Don Carlos Buell began his military career after graduating 32nd out of 52 from the United States Military Academy in 1841. He fought against the Florida Indians, and served on garrison frontier duty. During the Mexican-American War, Buell served with distinction, was severely wounded at Churubusco, and was brevet promotions of both captain and major. After the war, Buell served within the adjutant general’s office in numerous locations.
At the outbreak of the Civil War, Buell was serving as a lieutenant colonel and was the adjutant of the Department of the Pacific. He was promoted to brigadier general on May, 17, 1861, before he even left California, and arrived in Washington DC in order to begin training Union soldiers. He helped form the Army of the Republic, and was chosen by George B. McClellan to lead the Army of the Ohio in Kentucky. He suggested that Union forces move along the Tennessee and Cumberland Rivers towards Nashville, but was opposed by both McClellan and Abraham Lincoln. Although the plan was opposed at first, it was essentially adopted and used with great success by General Ulysses S. Grant to capture Fort Henry and Fort Donelson. As a result of the victories, Buell was able to move his army into Nashville with very little opposition. For his actions, he was promoted to major general of volunteers on March 22, 1862. He then went on to participate in the first day of the battle of Shiloh, helping turn the tide of battle before Union forces were defeated, as well as during the Corinth campaign under General Henry W. Halleck.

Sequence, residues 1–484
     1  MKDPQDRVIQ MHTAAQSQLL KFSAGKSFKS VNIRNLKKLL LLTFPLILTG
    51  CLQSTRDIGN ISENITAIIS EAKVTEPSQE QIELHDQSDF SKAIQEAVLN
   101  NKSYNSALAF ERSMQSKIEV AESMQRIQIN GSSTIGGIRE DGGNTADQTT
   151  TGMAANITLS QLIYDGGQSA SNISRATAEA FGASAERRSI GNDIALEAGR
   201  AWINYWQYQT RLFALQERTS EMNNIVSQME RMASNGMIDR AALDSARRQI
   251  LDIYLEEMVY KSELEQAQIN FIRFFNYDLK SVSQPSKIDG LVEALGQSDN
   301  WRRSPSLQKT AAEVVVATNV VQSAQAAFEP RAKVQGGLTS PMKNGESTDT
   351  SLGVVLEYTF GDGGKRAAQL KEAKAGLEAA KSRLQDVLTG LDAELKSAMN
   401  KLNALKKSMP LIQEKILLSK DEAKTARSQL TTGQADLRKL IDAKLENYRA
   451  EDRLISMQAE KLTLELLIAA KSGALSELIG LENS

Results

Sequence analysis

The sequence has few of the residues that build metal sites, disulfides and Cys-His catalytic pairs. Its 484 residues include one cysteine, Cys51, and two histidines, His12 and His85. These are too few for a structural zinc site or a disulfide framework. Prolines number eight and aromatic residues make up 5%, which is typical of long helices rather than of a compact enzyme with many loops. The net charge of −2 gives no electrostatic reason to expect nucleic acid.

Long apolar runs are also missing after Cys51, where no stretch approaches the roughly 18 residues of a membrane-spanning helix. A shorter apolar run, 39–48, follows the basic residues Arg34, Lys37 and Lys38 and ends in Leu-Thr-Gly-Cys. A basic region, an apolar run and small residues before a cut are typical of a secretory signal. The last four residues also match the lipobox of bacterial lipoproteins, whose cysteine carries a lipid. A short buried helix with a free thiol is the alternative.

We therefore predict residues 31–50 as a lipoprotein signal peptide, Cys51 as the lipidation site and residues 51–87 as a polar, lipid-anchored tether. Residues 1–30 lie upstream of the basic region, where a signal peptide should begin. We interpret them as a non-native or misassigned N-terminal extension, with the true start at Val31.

In June of 1862, Buell began to move four of his divisions towards Chattanooga in order to take the city and capture important rail lines. His forces, however, were harassed by Confederate cavalry under General Nathan Bedford Forrest, and his supply lines were cut by Confederate general John H. Morgan, effectively halting his advance. In September of 1862, Buell moved into Kentucky to stop the invasion by Confederate forces under generals Braxton Bragg and Edmund Kirby Smith. He moved into Louisville unopposed, and on October 8, 1862, fought the battle of Perryville to an indecisive conclusion. Although he had held the advance of Braxton Bragg during the battle, he did not follow the retreating forces quick enough. On October 24, 1862, Buell was relieved of his command as a result of his inaction, and replaced by General William Rosecrans. He was investigated by a military commission in November of 1862, but no decisions were made in regards to the incident. He spent more than a year waiting for new orders, but failed to receive any, and was mustered out of the service on May 23, 1864. Although Ulysses S. Grant recommended Buell to be restored to duty, Buell declined the offer and returned to civilian life.